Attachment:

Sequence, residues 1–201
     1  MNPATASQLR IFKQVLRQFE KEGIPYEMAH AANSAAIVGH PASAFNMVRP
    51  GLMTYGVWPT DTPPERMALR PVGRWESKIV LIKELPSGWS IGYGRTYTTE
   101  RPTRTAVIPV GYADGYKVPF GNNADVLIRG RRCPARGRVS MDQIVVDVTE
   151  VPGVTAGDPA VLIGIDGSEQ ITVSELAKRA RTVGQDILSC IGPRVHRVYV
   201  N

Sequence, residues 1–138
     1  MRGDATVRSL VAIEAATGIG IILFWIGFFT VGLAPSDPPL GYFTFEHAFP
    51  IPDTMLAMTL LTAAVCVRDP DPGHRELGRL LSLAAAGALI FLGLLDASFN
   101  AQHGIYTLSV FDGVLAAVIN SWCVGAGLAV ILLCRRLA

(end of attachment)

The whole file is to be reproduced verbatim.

Sequence, residues 1–201
     1  MNPATASQLR IFKQVLRQFE KEGIPYEMAH AANSAAIVGH PASAFNMVRP
    51  GLMTYGVWPT DTPPERMALR PVGRWESKIV LIKELPSGWS IGYGRTYTTE
   101  RPTRTAVIPV GYADGYKVPF GNNADVLIRG RRCPARGRVS MDQIVVDVTE
   151  VPGVTAGDPA VLIGIDGSEQ ITVSELAKRA RTVGQDILSC IGPRVHRVYV
   201  N

Sequence, residues 1–138
     1  MRGDATVRSL VAIEAATGIG IILFWIGFFT VGLAPSDPPL GYFTFEHAFP
    51  IPDTMLAMTL LTAAVCVRDP DPGHRELGRL LSLAAAGALI FLGLLDASFN
   101  AQHGIYTLSV FDGVLAAVIN SWCVGAGLAV ILLCRRLA